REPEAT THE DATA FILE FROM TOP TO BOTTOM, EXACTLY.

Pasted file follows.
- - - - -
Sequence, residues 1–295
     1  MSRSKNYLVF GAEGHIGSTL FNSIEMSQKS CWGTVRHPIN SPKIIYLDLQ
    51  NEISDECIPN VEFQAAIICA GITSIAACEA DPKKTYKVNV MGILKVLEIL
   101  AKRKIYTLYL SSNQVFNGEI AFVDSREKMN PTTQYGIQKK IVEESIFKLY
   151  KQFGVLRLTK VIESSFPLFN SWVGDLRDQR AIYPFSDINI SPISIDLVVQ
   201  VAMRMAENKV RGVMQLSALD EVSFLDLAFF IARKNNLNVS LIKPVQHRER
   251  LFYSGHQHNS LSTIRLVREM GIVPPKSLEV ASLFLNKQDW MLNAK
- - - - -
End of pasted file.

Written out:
Sequence, residues 1–295
     1  MSRSKNYLVF GAEGHIGSTL FNSIEMSQKS CWGTVRHPIN SPKIIYLDLQ
    51  NEISDECIPN VEFQAAIICA GITSIAACEA DPKKTYKVNV MGILKVLEIL
   101  AKRKIYTLYL SSNQVFNGEI AFVDSREKMN PTTQYGIQKK IVEESIFKLY
   151  KQFGVLRLTK VIESSFPLFN SWVGDLRDQR AIYPFSDINI SPISIDLVVQ
   201  VAMRMAENKV RGVMQLSALD EVSFLDLAFF IARKNNLNVS LIKPVQHRER
   251  LFYSGHQHNS LSTIRLVREM GIVPPKSLEV ASLFLNKQDW MLNAK